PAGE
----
What Kind of Addictions Need Treating?
Even though substance use disorders are the first thing that comes to mind when addiction is mentioned, there are other forms of addiction, such as behavioural addictions. A lot of addiction treatment centres use the same basic principles of recovery in all their addiction treatment plans. However, it will be in your your best interests to look for an addiction treatment programme which specialises in treating your kind of addiction.
Conventional rehab centres are usually effective in treating addictions to alcohol, prescription drugs and common illicit drugs. Some addiction treatment centres are particularly good for treating specific process addictions, such as eating disorders, sex addiction, gambling addiction, work addiction, shopping addiction and internet addiction.
Addiction is a devastating illness which can put all your relationships and your career in chaos. To help you recover and enjoy life again, we strive to heal both you and your relationships. Call us now to begin the road to recovery today!
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A Guide to Addiction Treatment
Alcohol & Drug Rehab
Alcohol and drug rehabilitation treatment is a process for stopping the use of drugs and that aims to give you the tools to enable you live a happy productive life after rehab. If you have co-occurring mental disorders your addiction treatment will also focus on your experience of them, to enable you to see how your thinking affects your behaviour, and helps you live a life of sobriety. Your addiction treatment will be developed following a comprehensive initial assessment, with the treatment plan carefully designed to treat you, and your addiction.
Alcohol and drug addiction therapy refer to a variety of interventions used in the treatment of substance use disorders and patterns of drug abuse. There are some treatment options where your addiction will be directly addressed, and you will be pointed towards better ways of coping with your emotions and cravings, without relapsing. The goal of these therapies is to help you understand yourself better and create new guiding principles which will help you to live the rest of your life in recovery.
Your addiction therapist is aware that addiction is more than a chemical dependence. It usually has roots in your lifestyle, or your personal experience. For instance, your inability to cope with anxiety, stress and other triggers might play a big role in your substance addiction. Therapies such as cognitive behavioural and psychotherapy will help you to understand your thought patterns and your triggers, and other underlying problems, so you can address your addiction fully.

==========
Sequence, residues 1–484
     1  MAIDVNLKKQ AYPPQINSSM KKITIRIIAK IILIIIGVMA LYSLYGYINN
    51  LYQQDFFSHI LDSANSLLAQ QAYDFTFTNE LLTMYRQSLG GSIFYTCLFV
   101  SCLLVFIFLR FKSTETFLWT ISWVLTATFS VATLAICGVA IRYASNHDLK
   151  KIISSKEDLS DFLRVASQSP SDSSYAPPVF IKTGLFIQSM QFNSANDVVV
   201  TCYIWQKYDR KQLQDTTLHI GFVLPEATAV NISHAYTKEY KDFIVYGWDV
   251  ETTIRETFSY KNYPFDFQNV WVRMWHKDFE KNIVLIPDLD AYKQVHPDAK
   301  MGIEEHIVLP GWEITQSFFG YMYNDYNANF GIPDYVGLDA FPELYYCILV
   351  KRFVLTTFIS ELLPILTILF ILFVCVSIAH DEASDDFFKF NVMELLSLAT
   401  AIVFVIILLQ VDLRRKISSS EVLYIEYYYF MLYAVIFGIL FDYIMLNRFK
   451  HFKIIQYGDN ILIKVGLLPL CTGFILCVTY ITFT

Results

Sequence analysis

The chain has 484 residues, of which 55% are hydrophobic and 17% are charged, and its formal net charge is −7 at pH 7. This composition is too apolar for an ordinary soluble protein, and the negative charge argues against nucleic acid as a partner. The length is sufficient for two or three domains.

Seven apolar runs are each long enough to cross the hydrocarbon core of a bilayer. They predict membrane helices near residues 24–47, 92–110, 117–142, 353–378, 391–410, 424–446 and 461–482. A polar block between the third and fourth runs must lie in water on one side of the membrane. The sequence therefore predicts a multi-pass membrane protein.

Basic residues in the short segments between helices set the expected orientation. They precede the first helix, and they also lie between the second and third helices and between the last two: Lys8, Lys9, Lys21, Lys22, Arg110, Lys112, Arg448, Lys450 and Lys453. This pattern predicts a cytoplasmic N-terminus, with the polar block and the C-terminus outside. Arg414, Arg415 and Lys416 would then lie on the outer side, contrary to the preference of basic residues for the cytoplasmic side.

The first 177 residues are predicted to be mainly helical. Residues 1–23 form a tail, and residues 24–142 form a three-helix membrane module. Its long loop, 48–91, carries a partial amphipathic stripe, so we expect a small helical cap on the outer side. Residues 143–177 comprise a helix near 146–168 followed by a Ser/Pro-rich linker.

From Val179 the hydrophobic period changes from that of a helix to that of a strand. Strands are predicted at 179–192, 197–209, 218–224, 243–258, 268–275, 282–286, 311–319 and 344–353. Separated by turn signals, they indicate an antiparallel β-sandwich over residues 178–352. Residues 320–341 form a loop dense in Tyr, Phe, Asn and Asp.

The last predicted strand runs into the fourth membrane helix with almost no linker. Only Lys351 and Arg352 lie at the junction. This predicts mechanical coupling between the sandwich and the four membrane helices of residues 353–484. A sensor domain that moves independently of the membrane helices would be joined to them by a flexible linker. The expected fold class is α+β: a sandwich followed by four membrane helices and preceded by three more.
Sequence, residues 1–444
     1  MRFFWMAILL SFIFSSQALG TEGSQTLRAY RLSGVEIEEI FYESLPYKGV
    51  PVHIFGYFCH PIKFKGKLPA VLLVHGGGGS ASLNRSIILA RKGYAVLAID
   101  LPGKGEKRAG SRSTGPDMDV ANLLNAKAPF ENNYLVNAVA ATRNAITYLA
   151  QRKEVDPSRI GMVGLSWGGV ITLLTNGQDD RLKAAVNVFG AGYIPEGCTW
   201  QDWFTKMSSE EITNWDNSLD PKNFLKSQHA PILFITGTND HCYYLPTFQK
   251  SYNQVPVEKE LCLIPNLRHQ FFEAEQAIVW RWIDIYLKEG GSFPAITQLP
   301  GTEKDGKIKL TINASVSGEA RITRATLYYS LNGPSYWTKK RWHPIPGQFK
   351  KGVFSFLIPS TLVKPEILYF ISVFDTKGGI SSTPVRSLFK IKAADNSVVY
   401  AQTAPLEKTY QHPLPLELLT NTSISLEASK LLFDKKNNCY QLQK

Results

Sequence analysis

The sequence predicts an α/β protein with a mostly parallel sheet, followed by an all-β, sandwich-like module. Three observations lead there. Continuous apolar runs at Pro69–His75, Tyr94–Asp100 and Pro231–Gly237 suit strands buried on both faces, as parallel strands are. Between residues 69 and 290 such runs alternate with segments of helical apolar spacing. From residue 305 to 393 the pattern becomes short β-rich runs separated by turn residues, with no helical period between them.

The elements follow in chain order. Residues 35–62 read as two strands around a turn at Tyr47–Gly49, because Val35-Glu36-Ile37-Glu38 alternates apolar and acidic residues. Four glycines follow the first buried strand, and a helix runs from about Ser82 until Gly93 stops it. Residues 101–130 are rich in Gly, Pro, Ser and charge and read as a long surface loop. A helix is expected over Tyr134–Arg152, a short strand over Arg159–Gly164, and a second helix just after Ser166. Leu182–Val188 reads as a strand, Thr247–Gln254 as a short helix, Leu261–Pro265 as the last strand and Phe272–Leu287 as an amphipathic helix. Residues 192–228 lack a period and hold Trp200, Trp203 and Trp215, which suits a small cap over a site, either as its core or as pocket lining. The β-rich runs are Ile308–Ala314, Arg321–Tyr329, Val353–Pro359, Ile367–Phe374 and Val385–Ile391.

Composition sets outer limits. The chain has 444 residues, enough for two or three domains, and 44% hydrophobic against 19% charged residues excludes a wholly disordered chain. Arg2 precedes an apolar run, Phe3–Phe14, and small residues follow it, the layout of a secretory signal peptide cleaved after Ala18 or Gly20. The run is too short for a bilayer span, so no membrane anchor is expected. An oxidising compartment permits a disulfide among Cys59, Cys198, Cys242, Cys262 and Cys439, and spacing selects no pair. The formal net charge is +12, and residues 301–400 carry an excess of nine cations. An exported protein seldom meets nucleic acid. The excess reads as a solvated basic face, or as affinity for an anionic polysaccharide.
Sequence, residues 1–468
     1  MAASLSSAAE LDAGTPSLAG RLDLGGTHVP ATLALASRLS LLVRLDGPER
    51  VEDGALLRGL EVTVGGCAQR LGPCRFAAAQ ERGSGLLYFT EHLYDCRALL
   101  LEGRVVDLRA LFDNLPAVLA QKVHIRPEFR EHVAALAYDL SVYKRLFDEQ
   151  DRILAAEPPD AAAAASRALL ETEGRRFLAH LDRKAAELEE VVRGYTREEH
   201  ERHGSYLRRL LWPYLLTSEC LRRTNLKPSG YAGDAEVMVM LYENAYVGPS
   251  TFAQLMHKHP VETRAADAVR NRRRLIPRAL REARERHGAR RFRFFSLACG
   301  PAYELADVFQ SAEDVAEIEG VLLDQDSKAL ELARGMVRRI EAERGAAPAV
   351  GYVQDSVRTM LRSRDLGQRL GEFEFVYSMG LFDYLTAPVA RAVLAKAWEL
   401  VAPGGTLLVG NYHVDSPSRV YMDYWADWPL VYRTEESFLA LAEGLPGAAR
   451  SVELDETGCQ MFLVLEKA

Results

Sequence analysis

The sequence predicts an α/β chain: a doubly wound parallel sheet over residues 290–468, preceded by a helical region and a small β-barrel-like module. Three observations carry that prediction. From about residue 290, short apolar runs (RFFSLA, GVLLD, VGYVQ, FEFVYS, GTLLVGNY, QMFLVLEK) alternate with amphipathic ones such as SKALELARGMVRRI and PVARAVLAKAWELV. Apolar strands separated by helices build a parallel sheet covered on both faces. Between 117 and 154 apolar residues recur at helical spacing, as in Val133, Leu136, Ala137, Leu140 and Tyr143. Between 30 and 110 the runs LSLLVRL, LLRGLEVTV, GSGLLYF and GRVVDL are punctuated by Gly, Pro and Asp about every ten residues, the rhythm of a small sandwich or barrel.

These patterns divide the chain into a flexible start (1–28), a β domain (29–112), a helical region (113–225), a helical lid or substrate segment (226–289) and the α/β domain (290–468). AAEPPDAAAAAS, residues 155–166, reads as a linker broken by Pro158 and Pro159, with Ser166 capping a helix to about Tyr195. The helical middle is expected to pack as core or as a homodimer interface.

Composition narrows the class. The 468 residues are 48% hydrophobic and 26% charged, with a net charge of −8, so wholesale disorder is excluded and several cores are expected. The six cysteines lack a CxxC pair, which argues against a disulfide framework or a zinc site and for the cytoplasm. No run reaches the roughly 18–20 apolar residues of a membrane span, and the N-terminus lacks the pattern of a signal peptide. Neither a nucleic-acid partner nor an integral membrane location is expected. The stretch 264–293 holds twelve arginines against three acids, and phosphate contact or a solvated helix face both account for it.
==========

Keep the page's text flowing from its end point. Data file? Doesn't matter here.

Group therapy is a type of psychotherapy whereby one or more therapists works with several individuals, all at the same time. This form of therapy is available in private therapeutic facilities, NHS rehab, hospitals, community centres and mental health clinics.
Cognitive Behavioural Therapy
Cognitive behavioural therapy (CBT) refers to the talking therapy aimed at helping you to keep your addiction problems in check by changing your thinking patterns and behaviours. CBT is often used to treat depression and anxiety, so is an excellent treatment option if you have had a dual diagnosis.
Dialectical Behaviour Therapy
Dialectical behaviour therapy (DBT) equips you with a set of new skills to help you manage painful emotions and reduce relationship conflict. DBT was initially developed for the treatment of borderline personality disorder. However, research indicates that DBT has proven successful to treat individuals diagnosed with, depression, bulimia, post-traumatic stress disorders, bipolar disorders, binge-eating, and substance abuse. It is therefore often incorporated as part of dual diagnosis addiction treatment.
What Happens during Addiction Treatment?
What happens during treatment varies from person to person. Your addiction treatment plan will be based on factors like the type of addiction, your psychiatric and medical history, and the extent to your addiction has progressed. Treatment plans may incorporate medications, therapies and counselling for coexisting mental health problems like depression, anxiety and PTSD.
Treatment includes therapy to address the long-term adjustments you need to your thinking and behaviour, and treatment will include continued support from the staff in the rehab facility, friends, family, and support organisations in the community. Your treatment can be on an inpatient, outpatient, or quasi inpatient basis. Inpatient treatment, or residential addition treatment, is the highest level of care, offering 24 hour a day, 7 day a week supervision and support.